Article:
As for the Pelican system, it is an OEM style single row steel single row bearing and a spacer, you would be replacing the most durable IMS design (dual row) with the most problem plagued design (single row). Somehow, that just does not make any sense, even if you are on a tight budget.

JFP, IS the LN bearing sealed or open to engine oil? If it is sealed would you take the seals out??

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I know there are many opinions on this and I have read all the posts. Over and over again. Not trying to start anything, just looking for opinions in a more fact based forum. Hence the post here.

A little history.

99 Carrera 4 Cab. Bought with 37K miles. Had the IMS changed with the LN bearing. During the process discovered the bearing failed, metal in oil, but no engine damage. Decided at that time to just swap the bearing and monitor (against the mechanics advice). Well, 5K miles later metal showing up in oil again. Car is now on its way to CA for an engine rebuild. Discussed the IMS with the mechanic. He uses a standard German bearing as part of the rebuild and has not had any failures in 4 years of rebuilds. This is included in the price. But he will install any bearing I want (at the added cost of the bearing).

Should I go with the "eternal" with the roller bearings? Another LN? the Pelican Bearing?

His opinion is that the standard bearing is fine as long as the car is driven and oil changed at 5K and always in the normal range.

Just looking for opinions.

From the very introduction of the ceramic bearing retrofits, LN Engineering has specifically said not to retrofit engines that already had metal shards in them from a failing IMS bearing (http://imsretrofit.com/bearing-already-failing/). And while a few have had success "flushing" the metal out with repeated oil and filter changes, they are in the minority; most engines retrofitted with metal already circulating in them typically fail after the retrofits.

As you have a dual row engine, your best bet would be to go with the LN triple row option during the rebuild; this is the most robust system LN developed, and can only be installed during an engine rebuild. You next best option would be a fresh LN dual row; there are literally tens of thousands of these on the road with no signs of failures.

As for the Pelican system, it is an OEM style single row steel single row bearing and a spacer, you would be replacing the most durable IMS design (dual row) with the most problem plagued design (single row). Somehow, that just does not make any sense, even if you are on a tight budget.

JFP, IS the LN bearing sealed or open to engine oil? If it is sealed would you take the seals out??

All of the LN bearings are open to oil and the engine side, sealed on the shaft side, so they can be splash lubricated by the engine.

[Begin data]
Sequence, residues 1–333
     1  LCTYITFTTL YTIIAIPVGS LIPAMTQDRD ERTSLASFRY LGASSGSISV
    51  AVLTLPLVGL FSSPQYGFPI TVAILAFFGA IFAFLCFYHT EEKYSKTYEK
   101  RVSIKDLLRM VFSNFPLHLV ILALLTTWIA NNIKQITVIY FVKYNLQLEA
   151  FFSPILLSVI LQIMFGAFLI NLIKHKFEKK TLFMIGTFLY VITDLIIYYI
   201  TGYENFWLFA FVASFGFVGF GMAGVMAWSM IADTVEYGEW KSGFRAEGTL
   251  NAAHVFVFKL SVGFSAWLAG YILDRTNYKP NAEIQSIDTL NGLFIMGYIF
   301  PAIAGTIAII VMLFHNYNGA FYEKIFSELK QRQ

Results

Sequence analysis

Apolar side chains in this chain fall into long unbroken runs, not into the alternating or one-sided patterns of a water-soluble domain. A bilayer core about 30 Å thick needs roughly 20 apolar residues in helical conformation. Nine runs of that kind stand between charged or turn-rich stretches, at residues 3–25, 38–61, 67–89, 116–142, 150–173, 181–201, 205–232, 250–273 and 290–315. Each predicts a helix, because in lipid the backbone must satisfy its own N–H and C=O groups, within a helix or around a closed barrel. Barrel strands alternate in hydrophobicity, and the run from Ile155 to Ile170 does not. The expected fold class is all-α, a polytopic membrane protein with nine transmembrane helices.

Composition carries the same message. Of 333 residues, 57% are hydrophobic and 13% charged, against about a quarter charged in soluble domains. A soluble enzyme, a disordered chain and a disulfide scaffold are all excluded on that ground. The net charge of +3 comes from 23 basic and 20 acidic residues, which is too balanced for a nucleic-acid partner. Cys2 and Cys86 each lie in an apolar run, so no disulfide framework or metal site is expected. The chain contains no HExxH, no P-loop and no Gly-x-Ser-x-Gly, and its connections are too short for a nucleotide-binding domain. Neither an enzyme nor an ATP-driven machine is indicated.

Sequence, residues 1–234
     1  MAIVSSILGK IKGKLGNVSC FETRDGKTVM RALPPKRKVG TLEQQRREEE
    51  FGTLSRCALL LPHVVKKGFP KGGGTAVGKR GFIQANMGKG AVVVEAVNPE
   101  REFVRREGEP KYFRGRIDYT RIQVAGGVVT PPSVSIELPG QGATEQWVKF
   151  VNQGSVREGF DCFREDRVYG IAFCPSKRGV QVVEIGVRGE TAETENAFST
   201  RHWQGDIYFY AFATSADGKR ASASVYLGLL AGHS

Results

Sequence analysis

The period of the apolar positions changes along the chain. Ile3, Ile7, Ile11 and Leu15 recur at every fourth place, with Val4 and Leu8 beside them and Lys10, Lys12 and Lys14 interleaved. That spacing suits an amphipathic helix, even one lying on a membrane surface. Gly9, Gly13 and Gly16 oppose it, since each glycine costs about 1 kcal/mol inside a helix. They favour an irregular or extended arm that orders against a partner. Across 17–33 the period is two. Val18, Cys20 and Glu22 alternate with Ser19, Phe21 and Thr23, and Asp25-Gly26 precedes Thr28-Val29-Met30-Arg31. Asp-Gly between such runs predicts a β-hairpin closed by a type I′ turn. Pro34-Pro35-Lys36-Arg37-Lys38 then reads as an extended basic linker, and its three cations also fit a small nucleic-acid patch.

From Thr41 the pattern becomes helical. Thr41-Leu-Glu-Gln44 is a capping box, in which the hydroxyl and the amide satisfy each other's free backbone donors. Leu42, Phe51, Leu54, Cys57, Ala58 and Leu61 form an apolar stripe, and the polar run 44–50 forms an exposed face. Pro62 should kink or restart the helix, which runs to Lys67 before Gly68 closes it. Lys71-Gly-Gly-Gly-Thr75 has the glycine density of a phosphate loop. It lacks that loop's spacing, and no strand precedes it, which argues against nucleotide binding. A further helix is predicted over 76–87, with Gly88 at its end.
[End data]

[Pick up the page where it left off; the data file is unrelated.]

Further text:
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JFP,

what exactly will the center row of bearings do? They will never be in contact with the shaft. With the dual row, the opposing bearings on the second row will contact the shaft; increasing load capacity. But, the true solution is roller bearings with DOF. Which LN's competition is doing.

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JFP,

what exactly will the center row of bearings do? They will never be in contact with the shaft. With the dual row, the opposing bearings on the second row will contact the shaft; increasing load capacity. But, the true solution is roller bearings with DOF. Which LN's competition is doing.

Actually they do make contact just fine. Because to do the triple row, you need to disassemble your engine, and send your IMS shaft to LN Engineering and have it modified to accept this multiple ceramic bearing system, there are relatively few of them on the street. But it is immensely strong (strongest of any design using a ball bearing) as all three rows are in full contact, and has been used in a handful of highly modified engines with total success (no failures, even with only a limited number were ever done this way).

Squirting oil onto the bearing may or may not help, depending upon where the oil is coming from. The "competition" you mention use an oil feed from one of the hottest and dirtiest parts of the engine to spray oil onto the ball bearing, which risks introducing debris and hot oil into an already fragile system. Both LN and Jake Raby have been quite vocal about why this is a bad idea and could actually lead to a failure that would not have occurred otherwise. If memory serves, Jake actually experimented with oil fed single row ball bearings, but went away from the design due to the additional problems it introduced, and eventually went to his patented ball bearing less Solution design for single row engines, which mimic's the style of oil fed solid surface bearing already in use in other similar Porsche engine applications, which if you think about it also totally puts to rest the concept that the shaft rocking is the problem.

Until (and if) they develop a "Solution" style solid bearing for dual row applications, with tens of thousands of successful installations, their splash oil fed dual row bearing system remains the proven way for dual row owners to go.